On this day in Tudor history, 9th April 1582, Richard Bertie, member of Parliament, evangelical, and second husband of Catherine Willoughby (other married name Brandon), Duchess of Suffolk, died at Bourne in Lincolnshire. He was laid to rest in St James’s Church, Spilsby, with Catherine, who had died in 1580.
Bertie was Catherine’s gentleman usher and the two became close following the death of her sons from sweating sickness.
Find out more about the man Catherine Willoughby chose to marry for love in today’s talk from Claire Ridgway.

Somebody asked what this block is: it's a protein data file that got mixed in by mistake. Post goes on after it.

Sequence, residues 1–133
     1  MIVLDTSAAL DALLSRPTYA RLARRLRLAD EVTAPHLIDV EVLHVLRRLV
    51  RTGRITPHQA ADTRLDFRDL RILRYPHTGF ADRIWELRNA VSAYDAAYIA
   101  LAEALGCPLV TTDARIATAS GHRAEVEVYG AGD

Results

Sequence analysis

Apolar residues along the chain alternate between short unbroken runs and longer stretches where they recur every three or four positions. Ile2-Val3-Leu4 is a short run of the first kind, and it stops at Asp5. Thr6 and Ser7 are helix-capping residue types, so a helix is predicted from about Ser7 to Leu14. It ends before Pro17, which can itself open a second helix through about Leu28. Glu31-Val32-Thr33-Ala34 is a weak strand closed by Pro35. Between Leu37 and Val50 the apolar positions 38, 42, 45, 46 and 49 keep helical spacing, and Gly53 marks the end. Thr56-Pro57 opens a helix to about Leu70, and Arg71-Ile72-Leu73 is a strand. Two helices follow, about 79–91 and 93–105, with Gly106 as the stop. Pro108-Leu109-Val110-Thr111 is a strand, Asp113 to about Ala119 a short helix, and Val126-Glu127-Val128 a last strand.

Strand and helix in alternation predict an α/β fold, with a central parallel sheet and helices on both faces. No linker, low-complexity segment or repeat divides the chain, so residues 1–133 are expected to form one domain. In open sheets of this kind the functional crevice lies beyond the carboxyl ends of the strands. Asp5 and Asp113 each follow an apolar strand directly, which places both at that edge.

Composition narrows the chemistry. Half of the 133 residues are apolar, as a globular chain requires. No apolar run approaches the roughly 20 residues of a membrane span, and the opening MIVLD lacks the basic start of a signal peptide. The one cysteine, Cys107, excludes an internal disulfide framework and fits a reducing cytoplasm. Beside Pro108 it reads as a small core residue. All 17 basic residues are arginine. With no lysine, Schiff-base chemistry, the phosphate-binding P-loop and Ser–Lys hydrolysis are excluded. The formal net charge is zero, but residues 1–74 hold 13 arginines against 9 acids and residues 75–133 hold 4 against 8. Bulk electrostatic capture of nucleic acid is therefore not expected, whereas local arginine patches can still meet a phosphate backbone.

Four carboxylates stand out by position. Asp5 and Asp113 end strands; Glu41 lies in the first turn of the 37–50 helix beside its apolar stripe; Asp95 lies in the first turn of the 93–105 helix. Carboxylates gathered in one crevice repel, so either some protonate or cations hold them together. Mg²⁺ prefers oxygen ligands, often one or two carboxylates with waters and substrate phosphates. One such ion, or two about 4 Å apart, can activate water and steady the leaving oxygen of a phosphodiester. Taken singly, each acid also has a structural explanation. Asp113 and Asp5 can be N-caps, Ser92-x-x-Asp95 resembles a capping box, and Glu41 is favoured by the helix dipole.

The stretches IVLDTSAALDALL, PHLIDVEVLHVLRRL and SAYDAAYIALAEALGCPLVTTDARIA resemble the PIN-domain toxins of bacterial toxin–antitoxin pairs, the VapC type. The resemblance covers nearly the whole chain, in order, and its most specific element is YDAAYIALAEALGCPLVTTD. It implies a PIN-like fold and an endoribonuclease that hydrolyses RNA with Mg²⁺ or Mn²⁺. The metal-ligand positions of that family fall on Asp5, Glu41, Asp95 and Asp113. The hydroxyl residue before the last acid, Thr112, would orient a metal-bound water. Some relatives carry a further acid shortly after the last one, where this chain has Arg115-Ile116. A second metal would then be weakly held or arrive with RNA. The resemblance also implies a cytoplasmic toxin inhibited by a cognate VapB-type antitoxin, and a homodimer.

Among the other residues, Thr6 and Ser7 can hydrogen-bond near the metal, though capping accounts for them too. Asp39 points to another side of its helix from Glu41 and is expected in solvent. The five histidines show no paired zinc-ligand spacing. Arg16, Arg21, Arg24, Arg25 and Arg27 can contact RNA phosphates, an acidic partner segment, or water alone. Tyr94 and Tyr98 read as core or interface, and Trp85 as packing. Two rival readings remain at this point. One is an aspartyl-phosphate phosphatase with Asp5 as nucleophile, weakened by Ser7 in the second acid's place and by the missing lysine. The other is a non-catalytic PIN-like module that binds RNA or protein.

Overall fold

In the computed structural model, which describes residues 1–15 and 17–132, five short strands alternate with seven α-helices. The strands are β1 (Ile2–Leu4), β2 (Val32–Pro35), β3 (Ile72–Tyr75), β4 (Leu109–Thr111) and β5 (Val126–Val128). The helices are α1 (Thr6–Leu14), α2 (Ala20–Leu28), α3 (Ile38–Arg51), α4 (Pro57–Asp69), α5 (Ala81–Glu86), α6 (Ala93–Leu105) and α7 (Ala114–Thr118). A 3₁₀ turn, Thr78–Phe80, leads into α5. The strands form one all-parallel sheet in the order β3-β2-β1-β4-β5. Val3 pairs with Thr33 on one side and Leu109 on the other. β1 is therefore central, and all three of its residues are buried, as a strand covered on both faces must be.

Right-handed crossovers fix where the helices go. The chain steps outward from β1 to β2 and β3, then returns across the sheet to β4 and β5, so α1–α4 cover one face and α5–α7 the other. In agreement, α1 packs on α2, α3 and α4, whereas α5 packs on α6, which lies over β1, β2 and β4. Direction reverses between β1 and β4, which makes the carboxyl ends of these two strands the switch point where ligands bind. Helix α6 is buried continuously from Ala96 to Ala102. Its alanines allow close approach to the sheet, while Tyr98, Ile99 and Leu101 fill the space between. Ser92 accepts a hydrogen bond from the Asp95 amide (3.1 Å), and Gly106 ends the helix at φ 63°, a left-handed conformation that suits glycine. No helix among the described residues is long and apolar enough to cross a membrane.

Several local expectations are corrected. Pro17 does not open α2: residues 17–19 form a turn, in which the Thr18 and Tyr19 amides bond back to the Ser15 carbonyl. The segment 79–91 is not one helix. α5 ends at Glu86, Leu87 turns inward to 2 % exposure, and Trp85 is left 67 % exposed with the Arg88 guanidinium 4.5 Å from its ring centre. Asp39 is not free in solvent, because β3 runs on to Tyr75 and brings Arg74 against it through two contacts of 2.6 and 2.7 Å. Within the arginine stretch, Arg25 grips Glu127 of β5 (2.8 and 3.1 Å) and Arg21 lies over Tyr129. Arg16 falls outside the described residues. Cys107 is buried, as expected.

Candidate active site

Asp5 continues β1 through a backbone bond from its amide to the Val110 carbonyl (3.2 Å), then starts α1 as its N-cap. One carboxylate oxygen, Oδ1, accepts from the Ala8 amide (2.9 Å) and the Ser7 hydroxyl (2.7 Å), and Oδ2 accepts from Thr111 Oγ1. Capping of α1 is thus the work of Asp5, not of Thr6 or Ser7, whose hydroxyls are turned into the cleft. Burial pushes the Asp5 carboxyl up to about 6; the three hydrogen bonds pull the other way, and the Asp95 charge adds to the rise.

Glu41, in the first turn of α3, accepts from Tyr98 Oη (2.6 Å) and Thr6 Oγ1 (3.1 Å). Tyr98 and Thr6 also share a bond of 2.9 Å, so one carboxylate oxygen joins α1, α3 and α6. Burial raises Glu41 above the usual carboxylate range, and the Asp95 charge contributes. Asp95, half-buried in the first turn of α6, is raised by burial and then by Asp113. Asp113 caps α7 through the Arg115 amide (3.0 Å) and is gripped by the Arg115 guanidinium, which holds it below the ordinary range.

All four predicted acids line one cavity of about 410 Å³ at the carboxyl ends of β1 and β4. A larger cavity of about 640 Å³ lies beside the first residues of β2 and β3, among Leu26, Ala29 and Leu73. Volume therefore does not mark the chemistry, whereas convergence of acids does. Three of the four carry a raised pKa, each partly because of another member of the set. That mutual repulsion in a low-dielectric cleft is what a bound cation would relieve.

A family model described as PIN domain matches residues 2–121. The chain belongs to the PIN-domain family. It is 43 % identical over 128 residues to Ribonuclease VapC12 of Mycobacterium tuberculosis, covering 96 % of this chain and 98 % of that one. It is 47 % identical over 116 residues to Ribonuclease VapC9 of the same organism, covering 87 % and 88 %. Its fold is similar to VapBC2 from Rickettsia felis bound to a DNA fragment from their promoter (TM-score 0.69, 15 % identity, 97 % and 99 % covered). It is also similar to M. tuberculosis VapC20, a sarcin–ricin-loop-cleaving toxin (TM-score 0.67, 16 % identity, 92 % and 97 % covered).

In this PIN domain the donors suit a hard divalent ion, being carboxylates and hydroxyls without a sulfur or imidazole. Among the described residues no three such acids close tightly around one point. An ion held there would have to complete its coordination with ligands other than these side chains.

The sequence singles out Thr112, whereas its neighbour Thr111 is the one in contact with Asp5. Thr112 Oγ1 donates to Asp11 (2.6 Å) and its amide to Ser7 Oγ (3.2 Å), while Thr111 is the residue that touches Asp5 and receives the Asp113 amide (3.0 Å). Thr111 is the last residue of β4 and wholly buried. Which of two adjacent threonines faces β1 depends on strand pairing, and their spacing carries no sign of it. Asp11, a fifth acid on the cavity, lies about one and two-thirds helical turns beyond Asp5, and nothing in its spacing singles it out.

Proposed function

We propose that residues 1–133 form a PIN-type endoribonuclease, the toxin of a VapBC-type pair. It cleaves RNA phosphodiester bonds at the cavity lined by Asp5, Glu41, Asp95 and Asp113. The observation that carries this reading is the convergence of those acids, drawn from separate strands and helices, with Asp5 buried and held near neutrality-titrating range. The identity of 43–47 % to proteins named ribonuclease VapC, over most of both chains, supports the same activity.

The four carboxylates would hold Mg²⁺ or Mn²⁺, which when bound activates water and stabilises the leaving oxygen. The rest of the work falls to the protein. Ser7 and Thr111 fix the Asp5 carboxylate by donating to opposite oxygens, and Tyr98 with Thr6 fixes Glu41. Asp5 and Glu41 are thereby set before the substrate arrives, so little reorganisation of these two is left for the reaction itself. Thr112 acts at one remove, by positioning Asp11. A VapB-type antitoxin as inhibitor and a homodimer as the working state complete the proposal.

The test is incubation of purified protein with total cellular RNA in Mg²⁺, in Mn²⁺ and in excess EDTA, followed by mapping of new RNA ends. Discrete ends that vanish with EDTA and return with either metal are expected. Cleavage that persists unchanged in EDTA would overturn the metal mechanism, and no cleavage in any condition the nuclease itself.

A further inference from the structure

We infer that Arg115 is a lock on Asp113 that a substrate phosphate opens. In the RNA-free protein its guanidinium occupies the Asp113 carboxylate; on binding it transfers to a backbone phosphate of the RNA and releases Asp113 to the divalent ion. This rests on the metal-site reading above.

Frances (née Brandon) was the eldest daughter of Charles Brandon, Duke of Suffolk, and his third wife, Mary Tudor, sister of Henry VIII and widow of Louis XII of France. It is worth examining Frances’s parents and their significance within Tudor society before moving onto her life. Her father was an extraordinary character: magnate, courtier, and soldier, he exemplified the ideal qualities associated with being a male sixteenth-century courtier. Having been a close confidant to Henry VIII throughout his childhood, Suffolk found military fame in 1512 as a result of his involvement with the Anglo-French war. This war led to a successful siege of the French town of Tournai, with the inhabitants essentially forced to surrender to the invasion of the English king. As a result, Henry passed the keys of the city to Suffolk as a result of his honour and bravery.